Optimal Targets in Small and Large Networks, Using Game Theory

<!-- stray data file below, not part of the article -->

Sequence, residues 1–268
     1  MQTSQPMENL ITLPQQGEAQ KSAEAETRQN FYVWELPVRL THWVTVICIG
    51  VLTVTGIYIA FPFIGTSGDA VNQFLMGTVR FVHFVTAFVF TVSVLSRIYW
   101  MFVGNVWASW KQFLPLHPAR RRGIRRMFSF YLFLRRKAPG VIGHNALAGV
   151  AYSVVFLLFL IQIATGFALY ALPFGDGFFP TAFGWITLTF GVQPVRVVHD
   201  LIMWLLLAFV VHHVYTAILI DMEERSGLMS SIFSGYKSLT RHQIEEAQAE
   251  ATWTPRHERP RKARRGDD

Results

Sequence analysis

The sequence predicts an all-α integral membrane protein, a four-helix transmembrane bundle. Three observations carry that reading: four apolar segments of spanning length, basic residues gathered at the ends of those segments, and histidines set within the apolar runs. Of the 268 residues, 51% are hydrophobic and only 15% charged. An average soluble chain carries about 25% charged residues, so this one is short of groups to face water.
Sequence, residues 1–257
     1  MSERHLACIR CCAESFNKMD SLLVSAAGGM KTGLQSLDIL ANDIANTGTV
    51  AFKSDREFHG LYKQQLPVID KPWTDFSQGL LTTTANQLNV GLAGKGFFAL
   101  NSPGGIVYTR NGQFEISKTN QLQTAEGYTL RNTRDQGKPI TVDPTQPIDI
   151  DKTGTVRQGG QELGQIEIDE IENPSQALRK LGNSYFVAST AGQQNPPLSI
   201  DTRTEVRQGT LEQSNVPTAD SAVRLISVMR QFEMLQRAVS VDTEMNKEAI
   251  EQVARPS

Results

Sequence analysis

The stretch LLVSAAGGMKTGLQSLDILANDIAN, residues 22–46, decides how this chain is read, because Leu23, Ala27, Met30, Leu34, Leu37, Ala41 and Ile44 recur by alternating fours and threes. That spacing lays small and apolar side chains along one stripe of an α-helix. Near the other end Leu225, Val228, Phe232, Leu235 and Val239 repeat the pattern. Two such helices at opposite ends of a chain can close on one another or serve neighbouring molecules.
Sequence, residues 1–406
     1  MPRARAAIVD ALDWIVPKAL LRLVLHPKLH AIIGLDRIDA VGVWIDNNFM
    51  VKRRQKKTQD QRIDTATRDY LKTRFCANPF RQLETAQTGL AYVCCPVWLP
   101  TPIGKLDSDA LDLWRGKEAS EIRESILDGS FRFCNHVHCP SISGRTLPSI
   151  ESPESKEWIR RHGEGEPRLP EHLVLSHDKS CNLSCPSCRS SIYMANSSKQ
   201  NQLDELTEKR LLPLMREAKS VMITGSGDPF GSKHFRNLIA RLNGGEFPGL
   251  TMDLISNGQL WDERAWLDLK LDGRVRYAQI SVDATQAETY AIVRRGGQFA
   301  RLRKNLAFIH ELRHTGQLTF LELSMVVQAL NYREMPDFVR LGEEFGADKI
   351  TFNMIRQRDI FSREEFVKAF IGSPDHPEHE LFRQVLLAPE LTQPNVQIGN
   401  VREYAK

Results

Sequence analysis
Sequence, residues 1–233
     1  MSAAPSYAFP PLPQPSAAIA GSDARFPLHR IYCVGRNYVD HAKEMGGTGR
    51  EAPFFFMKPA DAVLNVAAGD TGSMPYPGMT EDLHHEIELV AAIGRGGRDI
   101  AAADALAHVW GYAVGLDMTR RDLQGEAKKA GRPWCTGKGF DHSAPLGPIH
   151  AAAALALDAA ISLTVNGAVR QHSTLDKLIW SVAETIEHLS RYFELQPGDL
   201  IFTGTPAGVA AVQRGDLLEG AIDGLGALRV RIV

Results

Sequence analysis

We define a model of peer effects where the intra-group externality is rooted on the network of bilateral influences in the population, rather than consisting on an average effect. Using game theory, we then map the geometric intricacies of this network structure to the distribution of equilibrium outcomes. Nash equilibrium turns out to be well-described by Bonacich network centrality, used in sociology. We then exploit the network variance of peer effects to identify optimal network targets, key groups. Key groups correspond to the highest inter-central groups, a new network measure that subsumes collective optimality concerns. Although intended for small networks, the key group policy coupled with a more standard geometric attack turns out to be optimal for large scale free networks when 2.33 < fl < 3. We then apply our model to terrorist networks, and identify the Achilles heel of the 11S cell.